Detective Superintendent Chris Bourlet, in charge of Project Violet, commented on the report:
“We are working in partnership with communities to prevent ritual child abuse so that we can better understand and provide support. This report provides useful context and we welcome the call for better information collation.
“The number of cases we are aware of is very small in comparison to other areas of child abuse we investigate but we recognise the disproportionate impact these have on the individuals and communities they affect. We are taking all possible opportunities to prevent abuse occurring by building trust and engagement between communities and professionals. However where we identify criminal offences these will be taken extremely seriously and a full police investigation will be pursued.”
The Met police have also trained other forces around the country, and have forged closer links with London communities through Project Violet, including: working in partnership with the Churches Child Protection Advisory Service to provide child protection training to over 230 Pastors; setting up a witness support line; and advising specially trained child abuse investigators in the issues surrounding this type of abuse.
The Home Office has implemented a number of measures to improve the identification of children in need arriving from abroad. These include the development of specially trained teams of immigration officers at ports who will refer their concerns to the police and social services; more thorough checks on unaccompanied children entering the country, and work with airlines to highlight their awareness of the vulnerability of some children travelling to the UK.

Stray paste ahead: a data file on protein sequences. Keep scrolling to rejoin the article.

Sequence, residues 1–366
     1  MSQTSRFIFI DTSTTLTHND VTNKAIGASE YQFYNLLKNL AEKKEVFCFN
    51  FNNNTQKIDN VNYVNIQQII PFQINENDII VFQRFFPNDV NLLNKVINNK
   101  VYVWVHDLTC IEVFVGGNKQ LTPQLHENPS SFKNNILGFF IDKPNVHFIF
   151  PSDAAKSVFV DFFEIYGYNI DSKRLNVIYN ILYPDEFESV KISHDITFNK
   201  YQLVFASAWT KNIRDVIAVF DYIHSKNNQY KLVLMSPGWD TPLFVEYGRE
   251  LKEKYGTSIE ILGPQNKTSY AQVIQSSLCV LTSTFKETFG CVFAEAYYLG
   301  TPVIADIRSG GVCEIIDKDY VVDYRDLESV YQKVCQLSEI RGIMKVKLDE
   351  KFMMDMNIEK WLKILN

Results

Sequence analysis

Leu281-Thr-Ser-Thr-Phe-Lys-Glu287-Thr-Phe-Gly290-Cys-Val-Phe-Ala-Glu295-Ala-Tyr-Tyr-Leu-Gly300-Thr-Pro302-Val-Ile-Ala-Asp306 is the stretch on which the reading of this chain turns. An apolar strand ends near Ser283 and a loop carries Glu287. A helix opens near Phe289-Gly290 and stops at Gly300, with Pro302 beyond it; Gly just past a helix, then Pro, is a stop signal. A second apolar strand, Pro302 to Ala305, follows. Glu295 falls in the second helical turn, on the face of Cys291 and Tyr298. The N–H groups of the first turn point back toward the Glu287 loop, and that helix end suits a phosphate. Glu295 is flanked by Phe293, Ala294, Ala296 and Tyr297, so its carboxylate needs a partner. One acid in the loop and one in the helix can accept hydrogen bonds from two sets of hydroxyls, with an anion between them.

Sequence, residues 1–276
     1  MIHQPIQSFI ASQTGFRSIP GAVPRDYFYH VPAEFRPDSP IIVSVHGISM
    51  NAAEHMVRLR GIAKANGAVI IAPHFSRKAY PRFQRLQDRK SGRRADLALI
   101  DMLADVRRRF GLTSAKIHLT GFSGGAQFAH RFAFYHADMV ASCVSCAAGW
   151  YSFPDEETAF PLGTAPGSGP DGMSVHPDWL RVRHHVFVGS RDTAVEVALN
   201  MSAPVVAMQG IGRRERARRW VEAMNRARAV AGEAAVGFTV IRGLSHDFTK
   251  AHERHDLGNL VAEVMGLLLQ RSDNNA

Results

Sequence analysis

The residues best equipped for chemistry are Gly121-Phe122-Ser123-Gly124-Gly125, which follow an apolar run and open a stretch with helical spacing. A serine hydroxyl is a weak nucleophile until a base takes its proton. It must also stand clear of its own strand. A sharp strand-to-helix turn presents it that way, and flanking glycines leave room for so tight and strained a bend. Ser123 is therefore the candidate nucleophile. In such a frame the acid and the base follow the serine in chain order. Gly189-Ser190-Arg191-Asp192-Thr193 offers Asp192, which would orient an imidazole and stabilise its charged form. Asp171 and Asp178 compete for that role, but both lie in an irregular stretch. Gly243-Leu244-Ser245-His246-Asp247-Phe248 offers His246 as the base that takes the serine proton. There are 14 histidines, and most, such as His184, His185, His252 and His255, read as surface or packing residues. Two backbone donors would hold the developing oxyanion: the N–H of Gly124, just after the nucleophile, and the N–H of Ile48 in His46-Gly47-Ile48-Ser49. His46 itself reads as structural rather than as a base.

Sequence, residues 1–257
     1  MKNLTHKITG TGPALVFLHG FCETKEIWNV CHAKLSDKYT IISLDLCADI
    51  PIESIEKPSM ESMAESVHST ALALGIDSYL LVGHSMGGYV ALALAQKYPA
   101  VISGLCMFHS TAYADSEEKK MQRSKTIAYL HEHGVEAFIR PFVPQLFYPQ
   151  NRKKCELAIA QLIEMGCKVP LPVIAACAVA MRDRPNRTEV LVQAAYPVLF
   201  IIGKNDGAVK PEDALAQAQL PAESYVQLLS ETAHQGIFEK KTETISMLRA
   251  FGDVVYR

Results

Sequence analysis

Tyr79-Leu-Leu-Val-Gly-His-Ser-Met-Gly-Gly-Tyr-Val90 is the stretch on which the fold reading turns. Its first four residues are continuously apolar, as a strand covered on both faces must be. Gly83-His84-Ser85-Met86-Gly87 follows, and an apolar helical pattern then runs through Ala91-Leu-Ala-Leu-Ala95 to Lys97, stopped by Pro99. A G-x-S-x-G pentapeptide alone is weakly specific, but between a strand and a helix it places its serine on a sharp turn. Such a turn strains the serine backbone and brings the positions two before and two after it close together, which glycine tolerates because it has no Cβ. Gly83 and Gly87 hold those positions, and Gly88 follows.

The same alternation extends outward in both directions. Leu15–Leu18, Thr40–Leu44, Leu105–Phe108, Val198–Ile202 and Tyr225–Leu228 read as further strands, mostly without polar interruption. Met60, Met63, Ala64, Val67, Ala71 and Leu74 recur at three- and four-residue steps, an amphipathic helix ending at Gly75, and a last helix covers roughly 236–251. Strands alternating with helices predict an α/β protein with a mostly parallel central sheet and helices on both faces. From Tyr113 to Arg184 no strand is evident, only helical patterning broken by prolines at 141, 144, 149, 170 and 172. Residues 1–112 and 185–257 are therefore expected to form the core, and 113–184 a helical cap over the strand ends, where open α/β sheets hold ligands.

The DfES has toughened the safeguarding system by making it statutory for local authorities to set up Local Safeguarding Children Boards and by instructing them to secure the involvement in their work of relevant local organisations, including faith groups. They will also help us to get a clearer picture about this type of abuse through a new data collection exercise.
Our new Working Together to Safeguard Children guidance on inter-agency working will be backed up and reinforced by specific good practice guidelines which will ensure that agencies are clear as to how to identify this type of abuse and what to do to safeguard the children concerned.
We have already provided funding for a Community Partnership Project, which will be led by the London Child Protection Committee and will encourage close collaboration between statutory agencies, community organisations and faith groups so that they can use their influence to stop custom and ritual related practices, which are harmful to children.